Choosing the right mechanical keyboard

Mechanical keyboards can be a considerable investment; choose one that suits you. There are many things to consider including: size, backlight (if any), keycap material and of course, the switches.

Size matters

Mechanical keyboards generally come in three sizes: full, tenkeyless and 60%. For most users, this should be the first consideration when choosing a new keyboard. The primary difference is the number of keys available, but it also affects the spacing between keys and other aspects as well. Let’s go over the sizes, and the advantages and disadvantages they each offer.


A full-size keyboard key is 15.5 x 15 mm, with key spacing between 3.3 and 3.8 mm. Full-size keyboards have alphanumeric keys, punctuation symbol keys and number keys. They often include keys for volume, power, internet, etc. The most notable difference of full-size versus the others is the inclusion of a numeric pad on the right side of the keyboard.

  • Full featured
  • Full function row
  • Multimedia keys
  • Takes up more room
  • Increased weight

Tenkeyless (TKL)

Tenkeyless keyboards retain the same key size and spacing as full-size keyboards; the main difference is the lack of a numeric pad. Tenkeyless keyboards include arrow keys and function keys, but may lack multimedia keys.

Tenkeyless keyboard layout diagram 001
  • Smaller than full-size
  • Includes arrow keys
  • Includes function keys
  • Takes up more room than 60%
  • Weighs more than 60%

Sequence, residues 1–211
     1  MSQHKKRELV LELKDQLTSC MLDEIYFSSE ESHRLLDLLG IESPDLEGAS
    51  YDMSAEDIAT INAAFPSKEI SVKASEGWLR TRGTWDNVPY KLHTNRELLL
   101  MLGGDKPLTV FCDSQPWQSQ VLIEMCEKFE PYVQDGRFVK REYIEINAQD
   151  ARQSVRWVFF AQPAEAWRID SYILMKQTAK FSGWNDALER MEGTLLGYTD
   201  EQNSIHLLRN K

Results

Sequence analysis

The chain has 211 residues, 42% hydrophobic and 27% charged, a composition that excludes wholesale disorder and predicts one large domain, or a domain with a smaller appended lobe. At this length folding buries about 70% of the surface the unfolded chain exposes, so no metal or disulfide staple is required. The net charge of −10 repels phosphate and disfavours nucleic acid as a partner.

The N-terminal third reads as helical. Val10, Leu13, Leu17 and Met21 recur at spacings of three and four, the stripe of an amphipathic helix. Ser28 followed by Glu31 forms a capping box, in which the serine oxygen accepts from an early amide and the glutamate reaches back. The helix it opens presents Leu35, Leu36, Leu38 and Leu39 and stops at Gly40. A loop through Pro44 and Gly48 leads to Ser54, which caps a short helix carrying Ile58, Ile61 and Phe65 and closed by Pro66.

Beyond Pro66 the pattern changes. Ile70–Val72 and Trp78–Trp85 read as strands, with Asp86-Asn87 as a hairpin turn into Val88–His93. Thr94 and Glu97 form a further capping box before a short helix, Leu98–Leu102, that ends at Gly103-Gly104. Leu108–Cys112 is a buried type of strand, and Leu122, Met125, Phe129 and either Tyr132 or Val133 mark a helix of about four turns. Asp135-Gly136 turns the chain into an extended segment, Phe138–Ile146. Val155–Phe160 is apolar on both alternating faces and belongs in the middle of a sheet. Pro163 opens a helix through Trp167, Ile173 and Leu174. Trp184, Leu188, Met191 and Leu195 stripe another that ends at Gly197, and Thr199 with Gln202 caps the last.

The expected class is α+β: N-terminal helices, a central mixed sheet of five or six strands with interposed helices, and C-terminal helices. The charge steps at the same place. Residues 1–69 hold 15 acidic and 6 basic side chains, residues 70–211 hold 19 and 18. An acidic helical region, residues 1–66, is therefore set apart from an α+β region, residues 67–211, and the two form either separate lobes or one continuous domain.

The smallest size available, these are very compact keyboards. The keys are smaller than normal keys (15 x 15 mm) and key spacing is less than 3.3 mm. They also forego function keys and arrow keys; you won’t find a numeric pad here. If portability or space constraints are your primary concerns, this might be the keyboard for you.

  • Extreme portability
  • Smallest size
  • Lightweight
  • Can feel cramped to type on
  • No function or arrow keys
  • Keys smaller than normal


Another consideration in a keyboard is backlighting. Opinions vary widely here; some love it, others can’t stand it. If you fall in the former category, there are several options, including full RGB and single colour.

Full RGB: RGB backlighting (red, green, blue) offer the full spectrum of colours. How it displays the different colours depends on the keyboard. Some offer preset modes only, while some offer further customisation, usually through software. Some common lighting modes include rainbow, zone lighting and of course, single colour.

Dual colour: Less common than full RGB and single colour, these keyboards offer two colour lighting. Red and blue, blue and white are probably the most common, although other combinations are also available.

Single colour: Simpler and usually a bit cheaper than full RGB is single colour lighting. The colours available vary, with white and blue being the most common, but other colours, like purple and red are sometimes available.

One last factor to consider in backlighting is primary and control lighting. Primary lighting is the lighting behind the keys; this is the most common type of LED lighting. However, there is a second type of lighting, often referred to as ‘control lighting’. This type of light illuminates not the keys, but around the base of the keyboard.